This creator of great '70s rock schlock album covers should not be confused with the veteran jazz guitarist of the same name. Mike Bryan went from garish portraits of Rod Stewart to creating cover packaging for video and computer games in the '90s. Just as Bryan's illustrations for albums such as Stewart's A Night on the Town or Deep Purple vocalist Jon Lord's Sarabande were paid for by major record labels, big-time employers such as Lucas Arts seem happy to write him checks, as long as the result is a "carnage-infused masterpiece," to quote the latter studio's own hype.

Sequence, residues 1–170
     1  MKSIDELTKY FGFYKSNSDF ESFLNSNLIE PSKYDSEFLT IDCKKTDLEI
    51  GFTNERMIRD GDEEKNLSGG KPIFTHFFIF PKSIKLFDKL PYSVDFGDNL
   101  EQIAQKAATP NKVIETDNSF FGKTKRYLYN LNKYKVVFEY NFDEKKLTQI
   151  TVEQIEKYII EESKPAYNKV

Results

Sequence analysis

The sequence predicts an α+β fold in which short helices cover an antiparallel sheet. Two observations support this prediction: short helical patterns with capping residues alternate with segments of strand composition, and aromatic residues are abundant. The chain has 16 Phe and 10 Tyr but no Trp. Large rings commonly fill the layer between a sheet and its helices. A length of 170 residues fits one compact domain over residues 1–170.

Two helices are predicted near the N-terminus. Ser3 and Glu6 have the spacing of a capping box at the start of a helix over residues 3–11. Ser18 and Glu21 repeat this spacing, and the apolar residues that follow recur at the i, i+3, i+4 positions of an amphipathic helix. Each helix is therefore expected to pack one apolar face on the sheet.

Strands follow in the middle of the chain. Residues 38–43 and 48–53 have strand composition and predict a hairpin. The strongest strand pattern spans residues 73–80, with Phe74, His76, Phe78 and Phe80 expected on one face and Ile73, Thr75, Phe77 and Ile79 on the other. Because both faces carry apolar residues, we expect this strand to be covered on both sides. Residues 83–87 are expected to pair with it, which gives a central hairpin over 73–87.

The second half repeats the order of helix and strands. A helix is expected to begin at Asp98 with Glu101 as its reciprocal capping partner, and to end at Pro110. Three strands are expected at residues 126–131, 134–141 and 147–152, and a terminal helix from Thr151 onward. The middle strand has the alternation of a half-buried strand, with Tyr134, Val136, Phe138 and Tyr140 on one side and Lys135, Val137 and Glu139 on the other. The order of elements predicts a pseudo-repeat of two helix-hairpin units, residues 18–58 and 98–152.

Bryan's much-copied talent for creating hyper-real scenes originally involved a color palette much broader than simply blood red, however. His generous spirit regarding color -- the more the merrier -- could nonetheless be compared to a famous film director of the same era, Sam Peckinpah, but not because of the amount of death depicted on-screen. The vivid Technicolor wide-screen era in American Westerns, at times mimicked giddily by Bryan's use of hand-colored photographs, was perfectly suited to gatefold album covers printed on expensive card stock. Bryan does have gallery shows, but rummaging through the giveaway bin at the used record pile can sometimes be like a private showing of his work.